When it comes to selling Girl Scout cookies, 11-year-old Diana Zorek has the winning recipe.

The Upper West Side tween sold 2,537 boxes this year, earning her the title of top cookie-seller for the Girl Scouts of Greater New York.

With her dad Michael in tow, Diana pounded the pavement, approaching people as they entered H&H Bagels and waited on long lines at Times Square.

Then she tapped into a group of people she knew could never turn down a good cookie.

“One thing that came to mind was college kids,” said Diana, who attends P.S. 9 in Manhattan. “We went to Columbia University.”

She gave out fliers with all the information students needed to order cookies online. They snapped up boxes of cool Thin Mints, peanut buttery Tagalongs, chewy Samoas and brand new S’mores.

Not only did the local Columbia students buy cookies but they shared Diana’s sales pitch with friends across the country.

“We got orders from people in Michigan, Minnesota, California – all over,” she said.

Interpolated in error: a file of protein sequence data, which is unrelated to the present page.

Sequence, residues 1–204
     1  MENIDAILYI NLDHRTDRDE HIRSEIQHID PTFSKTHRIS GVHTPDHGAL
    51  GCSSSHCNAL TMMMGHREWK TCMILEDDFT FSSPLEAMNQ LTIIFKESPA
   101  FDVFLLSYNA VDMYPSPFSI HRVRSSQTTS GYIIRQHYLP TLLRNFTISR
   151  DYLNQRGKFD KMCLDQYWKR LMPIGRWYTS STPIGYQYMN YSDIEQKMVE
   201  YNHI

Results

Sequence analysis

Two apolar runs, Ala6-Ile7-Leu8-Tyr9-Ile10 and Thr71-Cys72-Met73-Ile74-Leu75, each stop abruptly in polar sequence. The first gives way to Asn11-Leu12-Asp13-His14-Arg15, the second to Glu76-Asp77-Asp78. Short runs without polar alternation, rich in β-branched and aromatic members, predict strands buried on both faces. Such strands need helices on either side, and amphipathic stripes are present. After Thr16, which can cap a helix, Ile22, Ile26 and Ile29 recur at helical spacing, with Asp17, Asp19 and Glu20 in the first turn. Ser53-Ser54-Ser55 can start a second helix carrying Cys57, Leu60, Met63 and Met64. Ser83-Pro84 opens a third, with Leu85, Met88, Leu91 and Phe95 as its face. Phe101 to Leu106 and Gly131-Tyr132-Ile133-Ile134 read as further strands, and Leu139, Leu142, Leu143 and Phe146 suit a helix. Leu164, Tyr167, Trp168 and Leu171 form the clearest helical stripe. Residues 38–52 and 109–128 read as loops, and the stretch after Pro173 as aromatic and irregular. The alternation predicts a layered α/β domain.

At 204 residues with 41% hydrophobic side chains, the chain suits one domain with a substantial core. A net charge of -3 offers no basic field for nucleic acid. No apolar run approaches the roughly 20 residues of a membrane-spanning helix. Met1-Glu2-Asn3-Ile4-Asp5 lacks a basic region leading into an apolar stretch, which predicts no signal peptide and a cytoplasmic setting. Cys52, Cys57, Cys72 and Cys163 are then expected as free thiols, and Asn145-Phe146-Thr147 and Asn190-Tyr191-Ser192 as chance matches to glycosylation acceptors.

This year, Girl Scouts who sold more than 500 boxes were invited to serve on the cookie executive committee where they brainstorm and discuss best practices and ways to mentor other girls. Joining that committee was one of Diana’s goals, though winning a MacBook Air for being the top seller wasn’t so bad either, she said.

Diana and other members of Troop 3209 also donated some of their profits to purchase toiletries for women at a local homeless shelter.

In all, more than 1.4 million boxes of Girl Scout cookies were sold by Greater New York Scouts across the city during the 2016-17 season, which also marked the group’s 100th anniversary.

The cookie selling program is designed to help young girls set goals, create business plans and hone their people skills, said Meridith Maskara, chief operation officer of the Girls Scouts of Greater New York.

“This is the oldest and largest girl led business,” Maskara said. “And with the addition of digital cookie sales, we have expanded the business world these girls will be moving into.”

Michael Zorek said he was proud to watch his daughter fearlessly approach strangers with her sweet and smart sales pitch.

“And people did not brush her off,” he said.

More impressively, Diana hit her cookie selling goal despite a packed schedule with two dance classes, Hebrew school, acting lessons and other activities.

“Many kids will say they want to do something but don’t follow through,” Michael Zorek said. “She was up at 7 a.m. – outside H&H with a clipboard.”